I had an interview for an HR position and I lied in the interview by saying that I had worked in 2 big companies in the same position. The truth is that I did work for those companies but not in the same position as the new job I was interviewing for.

I claimed this because I really want the job and it is what I'm dreaming of. Now they have asked me to provide a certificate to prove the years of experience I have claimed. I haven't been accepted yet but they will inform me next week.

I don't know what should I do? If I tell them the truth, I'll definitely lose the job.

closed as unclear what you're asking by Masked Man, Lilienthal, gnat, The Wandering Dev Manager, Chris E Dec 31 '16 at 22:16

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    What is your question? – Masked Man Dec 31 '16 at 9:32
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    If you don't tell them about your lie (which you say will definitely prevent you getting the job), how do you propose to give them the certificate/evidence they are asking for? Seems like you have no possible route to providing that information unless you fabricate it, which is obviously pretty unethical at best. – 3N1GM4 Dec 31 '16 at 9:55
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    Have you accepted the job yet? If you just turn them down – Ed Heal Dec 31 '16 at 12:39
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    Additional advice: Don't post information that could be used to identify you when asking questions like this. – Blrfl Dec 31 '16 at 14:27
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    Might be time to start considering a new career track, Could be you've burned every possible bridge in HR. Can you do anything else? Or consider emigrating. And as every answer says, stop being creative with the truth. – Criggie Jan 1 '17 at 0:57

What you should do: stop being a liar. You're not going to get this job, or probably any job with that company in your entire career as they'll have blacklisted you as a liar. Neither I nor anyone else care that it's your "dream job": lying on a job application is just about the worst thing you can do. You should have considered that before constructing your web of lies, not afterwards when you've been found out and it's all starting to collapse around your ears.


You lied. That is something you should never do.

If you admit you lied, you will be out and blacklisted. If you don't send certificates, you will be out and probably blacklisted (failure to provide proof is mostly seen as "potential liar").

You could send the certificates you have and play dumb when they ask questions. If they ask questions, tell them there has been a misunderstanding in the interview and the certificates are proof of what you did before. You will probably not get the job. They might not blacklist you, depending on how sure they are about what happened in the interview.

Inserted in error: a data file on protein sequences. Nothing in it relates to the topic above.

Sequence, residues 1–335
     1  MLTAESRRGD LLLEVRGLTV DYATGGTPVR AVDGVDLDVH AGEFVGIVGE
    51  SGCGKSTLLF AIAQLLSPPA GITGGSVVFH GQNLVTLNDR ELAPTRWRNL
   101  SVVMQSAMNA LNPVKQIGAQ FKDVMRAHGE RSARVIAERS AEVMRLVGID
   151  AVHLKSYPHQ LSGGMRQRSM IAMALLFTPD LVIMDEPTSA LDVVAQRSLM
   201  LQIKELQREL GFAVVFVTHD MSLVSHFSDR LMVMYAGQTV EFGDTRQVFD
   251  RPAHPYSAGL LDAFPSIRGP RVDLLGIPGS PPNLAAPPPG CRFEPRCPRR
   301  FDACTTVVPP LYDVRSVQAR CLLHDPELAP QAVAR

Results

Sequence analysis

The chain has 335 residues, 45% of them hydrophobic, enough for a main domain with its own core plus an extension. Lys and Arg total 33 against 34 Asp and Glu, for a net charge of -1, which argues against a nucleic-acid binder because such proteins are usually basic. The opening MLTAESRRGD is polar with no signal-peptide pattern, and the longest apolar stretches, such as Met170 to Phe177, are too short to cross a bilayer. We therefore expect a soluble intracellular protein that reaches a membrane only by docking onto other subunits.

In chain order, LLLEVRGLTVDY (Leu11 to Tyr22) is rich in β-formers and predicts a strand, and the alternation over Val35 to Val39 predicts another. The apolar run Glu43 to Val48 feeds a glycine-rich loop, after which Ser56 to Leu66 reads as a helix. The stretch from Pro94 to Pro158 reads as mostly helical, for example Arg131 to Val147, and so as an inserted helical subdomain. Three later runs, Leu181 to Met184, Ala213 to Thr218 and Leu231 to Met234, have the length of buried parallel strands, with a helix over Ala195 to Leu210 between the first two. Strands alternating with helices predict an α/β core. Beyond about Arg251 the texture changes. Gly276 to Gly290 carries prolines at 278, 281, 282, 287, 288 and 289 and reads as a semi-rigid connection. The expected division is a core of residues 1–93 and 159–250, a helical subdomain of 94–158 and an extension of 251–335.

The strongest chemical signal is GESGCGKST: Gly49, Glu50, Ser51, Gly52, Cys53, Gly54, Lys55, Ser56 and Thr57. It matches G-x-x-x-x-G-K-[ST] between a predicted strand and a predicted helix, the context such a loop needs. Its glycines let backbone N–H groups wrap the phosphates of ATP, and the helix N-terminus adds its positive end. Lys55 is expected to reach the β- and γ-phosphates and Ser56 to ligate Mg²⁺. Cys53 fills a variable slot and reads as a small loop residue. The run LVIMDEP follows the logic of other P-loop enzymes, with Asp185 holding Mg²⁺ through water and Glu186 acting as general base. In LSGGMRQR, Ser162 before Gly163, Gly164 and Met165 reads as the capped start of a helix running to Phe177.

In the future, do not lie. Lying is about the dumbest thing you could do in an interview. It will burn your chances with this company, your future chances with that company and maybe, if people talk, even your future chances with other companies, even if you are truthful with them.

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    The third paragraph is the only chance of "salvaging" anything. You can probably forget about the company for the next 5 - 10 years in the best case scenario. – Juha Untinen Dec 31 '16 at 12:16

As every other answer pointed out, that's a huge mistake to lie in order to get a new job. What should I do? Build a better ethic code.

Now, you should just send the certificates from the previous job, and prepare a solid argumentation as to why these jobs are similar to the one you're interviewing for. Do not tell them you lied - no matter how they find, you're done for that company if they find out.

My biggest question is the following : are you qualified for the job ? If your current qualifications and experiences are not enough to get this job, there might be a reason.


You lie. You die. That's all there is to it.

You are finding out even as we speak that lying to get the job is pointless if lying means that you can't keep the job you got.

The pathetic part for you is that if you had told the truth, you'd have a pretty good chance at keeping the job in exchange for a small risk of not getting the job.

It looks to me that you are only sorry because you got caught. You put yourself in a no-way-out situation. If you don't produce the certificates, you don't get the job. If you produce the certificates and the certificates don't substantiate the claims you made at your interview, you don't get the job. Whether you tell the truth or not, you don't get the job. As Richard III used to say: "what a web do we weave when we practice to deceive" (*)

You did too good a job trapping yourself in your own lies - there's nothing we can do for you. Unless you can claim the experience you gained in your two jobs meets the requirements of the position you are applying for, it's "game over".

(*) Tonyk offers the following correction: the actual quote is "What a tangled web we weave, when first we practice to deceive" and it is from Sir Walter Scott's "Marmion". I would have sworn that Igor-like hunchback Richard III had something to do with that quote :)

  • It wasn't Richard III, and that's not what he didn't say. You will now read Walter Scott's Marmion as penance. – TonyK Jan 1 '17 at 23:30

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